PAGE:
A-Z of botany: y

yucca-gigan

Y has presented a problem, so I will cheat with a plant instead – yucca. Yuccas are American, with many from Central America. Perhaps the most famous is the Joshua tree (Yucca brevifolia) although Yucca gloriosa is the most common in UK gardens, being hardy and dramatic. Yuccas all have narrow, bayonet-like foliage but they may have upright trunks or creeping stems so the rosettes of leaves look stemless. They have showy, creamy white, bell-shaped flowers.

The genus yucca was named by Linnaeus but he got the name wrong – the name was an old Carib name for cassava (manihot) that was grown on those islands and when the first yuccas were discovered by the West he gave yuccas the wrong name since cassava is nothing to do with the plants we call yuccas.

Yuccas have a very close relationship with special moths that pollinate the flowers. The female moths have special mouthparts that enable them to collect and roll the pollen into balls which they then push onto the stigma to pollinate the flowers. Of course she doesn’t do this for the good of her health, but rather the good of her children because she then lays eggs in the ovary. The grubs then eat the developing seeds but not all of them. So the moth can be sure of having healthy offspring and the yucca can be sure to produce some healthy seeds – a win all round.

Despite what I used to think, these seed-munching larvae are not the Mexican jumping beans. I used to buy these every now and then as a child and the ‘beans’ that were curved on one side and flat on the other would move when warmed. They are the seeds of a shrub called Sebastiana pavoniana (native to Mexico) and inside the jumping beans is a larva of a moth. The larvae eat the contents of the ‘bean’ and when they fall to the ground the larvae twitch so that the ‘beans’ move from ares in sun where it is hot, into shade. That is why the beans jump when they are warm and stop when they are cool. Then the larvae pupate, ready to hatch out as an adult moth.

 

 

 

 

One Comment on “A-Z of botany: y”

  1. derrickjknight
    December 20, 2016 at 9:00 am #

    I think you had no option 🙂

Leave a Reply

Fill in your details below or click an icon to log in:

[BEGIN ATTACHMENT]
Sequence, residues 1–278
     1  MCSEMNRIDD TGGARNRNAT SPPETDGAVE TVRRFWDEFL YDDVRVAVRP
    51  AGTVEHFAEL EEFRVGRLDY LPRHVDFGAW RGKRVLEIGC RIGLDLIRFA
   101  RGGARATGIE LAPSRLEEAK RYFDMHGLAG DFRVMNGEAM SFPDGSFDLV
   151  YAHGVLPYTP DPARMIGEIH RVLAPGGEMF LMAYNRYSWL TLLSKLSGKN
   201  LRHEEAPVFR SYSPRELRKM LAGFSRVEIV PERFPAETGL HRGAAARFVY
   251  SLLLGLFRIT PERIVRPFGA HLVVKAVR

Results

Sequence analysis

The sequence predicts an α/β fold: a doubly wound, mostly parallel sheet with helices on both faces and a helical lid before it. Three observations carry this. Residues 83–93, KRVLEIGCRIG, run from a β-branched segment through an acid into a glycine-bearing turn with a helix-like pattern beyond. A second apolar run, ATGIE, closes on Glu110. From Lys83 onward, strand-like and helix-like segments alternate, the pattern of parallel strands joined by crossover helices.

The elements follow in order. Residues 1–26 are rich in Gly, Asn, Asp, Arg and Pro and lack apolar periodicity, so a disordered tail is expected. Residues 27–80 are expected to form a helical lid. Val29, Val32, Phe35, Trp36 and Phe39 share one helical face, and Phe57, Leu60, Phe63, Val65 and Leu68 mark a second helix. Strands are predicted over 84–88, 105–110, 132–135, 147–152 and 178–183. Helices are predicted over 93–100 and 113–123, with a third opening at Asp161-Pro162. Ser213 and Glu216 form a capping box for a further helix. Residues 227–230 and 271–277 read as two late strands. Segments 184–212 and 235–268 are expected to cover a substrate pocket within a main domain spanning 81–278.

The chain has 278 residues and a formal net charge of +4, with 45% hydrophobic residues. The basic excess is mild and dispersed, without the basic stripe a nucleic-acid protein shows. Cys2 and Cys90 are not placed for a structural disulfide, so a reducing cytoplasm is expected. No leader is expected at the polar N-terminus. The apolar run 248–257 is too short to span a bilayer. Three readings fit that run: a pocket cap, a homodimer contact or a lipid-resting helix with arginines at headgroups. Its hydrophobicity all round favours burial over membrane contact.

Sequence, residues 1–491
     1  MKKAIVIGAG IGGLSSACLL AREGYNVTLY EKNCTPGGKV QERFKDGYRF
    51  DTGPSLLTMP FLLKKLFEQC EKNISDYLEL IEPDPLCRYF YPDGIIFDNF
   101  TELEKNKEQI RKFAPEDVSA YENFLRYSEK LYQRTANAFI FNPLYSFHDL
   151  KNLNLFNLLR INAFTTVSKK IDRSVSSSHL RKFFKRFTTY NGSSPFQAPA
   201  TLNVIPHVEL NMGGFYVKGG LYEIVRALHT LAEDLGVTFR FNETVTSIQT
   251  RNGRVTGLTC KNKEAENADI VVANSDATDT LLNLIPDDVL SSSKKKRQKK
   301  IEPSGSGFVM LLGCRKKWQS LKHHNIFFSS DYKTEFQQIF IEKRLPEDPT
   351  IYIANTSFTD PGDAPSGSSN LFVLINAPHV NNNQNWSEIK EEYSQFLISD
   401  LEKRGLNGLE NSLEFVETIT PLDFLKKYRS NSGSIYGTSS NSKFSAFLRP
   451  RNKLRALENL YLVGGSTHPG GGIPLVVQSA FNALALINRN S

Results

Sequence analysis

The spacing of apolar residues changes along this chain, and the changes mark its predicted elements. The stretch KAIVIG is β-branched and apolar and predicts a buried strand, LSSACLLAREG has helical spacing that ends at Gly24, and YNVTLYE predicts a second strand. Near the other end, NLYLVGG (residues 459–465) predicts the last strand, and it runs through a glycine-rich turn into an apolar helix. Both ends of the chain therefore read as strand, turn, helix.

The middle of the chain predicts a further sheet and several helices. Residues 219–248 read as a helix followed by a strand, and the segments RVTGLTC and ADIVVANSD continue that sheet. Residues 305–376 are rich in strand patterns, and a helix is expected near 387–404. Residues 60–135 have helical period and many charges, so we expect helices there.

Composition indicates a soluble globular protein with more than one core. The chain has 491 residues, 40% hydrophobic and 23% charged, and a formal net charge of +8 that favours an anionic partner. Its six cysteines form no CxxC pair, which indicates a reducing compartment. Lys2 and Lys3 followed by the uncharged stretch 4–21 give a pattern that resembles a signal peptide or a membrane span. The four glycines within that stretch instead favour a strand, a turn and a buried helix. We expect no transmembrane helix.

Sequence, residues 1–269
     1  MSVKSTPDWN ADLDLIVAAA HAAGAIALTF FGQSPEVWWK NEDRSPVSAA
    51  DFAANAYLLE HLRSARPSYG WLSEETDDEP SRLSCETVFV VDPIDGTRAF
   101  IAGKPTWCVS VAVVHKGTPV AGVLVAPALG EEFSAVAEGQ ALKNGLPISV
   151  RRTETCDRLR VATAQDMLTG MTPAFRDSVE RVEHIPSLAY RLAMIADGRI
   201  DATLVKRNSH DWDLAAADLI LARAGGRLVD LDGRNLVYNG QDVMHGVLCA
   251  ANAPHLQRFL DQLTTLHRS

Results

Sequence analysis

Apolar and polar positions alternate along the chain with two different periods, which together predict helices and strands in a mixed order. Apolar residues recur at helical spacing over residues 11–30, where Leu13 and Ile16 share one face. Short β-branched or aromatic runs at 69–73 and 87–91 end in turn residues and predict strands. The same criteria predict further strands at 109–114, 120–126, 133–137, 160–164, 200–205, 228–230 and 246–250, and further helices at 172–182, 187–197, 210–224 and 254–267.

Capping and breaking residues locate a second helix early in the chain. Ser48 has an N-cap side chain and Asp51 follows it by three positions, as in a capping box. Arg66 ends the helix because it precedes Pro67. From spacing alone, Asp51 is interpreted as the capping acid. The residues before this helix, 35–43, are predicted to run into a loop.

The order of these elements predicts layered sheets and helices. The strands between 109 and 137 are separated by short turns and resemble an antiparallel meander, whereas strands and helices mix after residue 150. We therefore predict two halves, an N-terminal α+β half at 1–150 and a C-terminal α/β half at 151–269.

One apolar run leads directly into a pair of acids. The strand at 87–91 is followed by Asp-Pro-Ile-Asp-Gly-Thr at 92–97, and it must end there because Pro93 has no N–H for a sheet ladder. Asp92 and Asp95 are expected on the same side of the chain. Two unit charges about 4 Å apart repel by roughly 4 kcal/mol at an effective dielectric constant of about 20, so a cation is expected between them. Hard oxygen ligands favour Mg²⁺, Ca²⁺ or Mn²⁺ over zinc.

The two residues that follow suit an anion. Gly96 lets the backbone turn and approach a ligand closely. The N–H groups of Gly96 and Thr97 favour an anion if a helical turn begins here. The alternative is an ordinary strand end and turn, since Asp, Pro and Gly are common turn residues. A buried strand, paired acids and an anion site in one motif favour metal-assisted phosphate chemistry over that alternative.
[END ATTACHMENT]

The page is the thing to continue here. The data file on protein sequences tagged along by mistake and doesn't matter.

WordPress.com Logo

You are commenting using your WordPress.com account. Log Out / Change )

Twitter picture

You are commenting using your Twitter account. Log Out / Change )

Facebook photo

You are commenting using your Facebook account. Log Out / Change )

Google+ photo

You are commenting using your Google+ account. Log Out / Change )

Connecting to %s

Sweetgum and Pines

gardening in the North Carolina piedmont

Ravenscourt Gardens

Learning life's lessons in the garden!

RMW: the blog

Roslyn's photography, art, cats, exploring, writing, life

IGPS Blog

The Irish Garden Plant Society - Lovers of Irish plants and gardens

AltroVerde

un altro blog sul giardinaggio...

vegetablurb

four decades of organic vegetable gardening and barely a clue

The Long Garden Path

A walk round the Estate!

Flowery Prose

Growing words about writing, gardening, and outdoors pursuits in Alberta, Canada.

ontheedgegardening

Gardening on the edge of a cliff

Uprooted Magnolia

I am a freelance Photographer born and raised in the Southeast. I have uprooted my life in Macon Georgia for a new life as an unlikely cowgirl in love with a handsome cowboy in Wyoming. I hope you enjoy my photo journal on life, love, and the spirit of Wyoming.

Interesting Literature

A Library of Literary Interestingness

Garden Variety

A Gardening, Outdoor Lifestyle and Organic Food & Drink Blog

For the Love of Iris

Articles, Tips and Notes from Schreiner's Iris Gardens

One Bean Row

Words and pictures from an Irish garden by Jane Powers

Plant Heritage

The world's leading garden plant conservation charity

HERITAGE IRISES

An English experience of gardening in Ireland - and back in the UK

%d bloggers like this: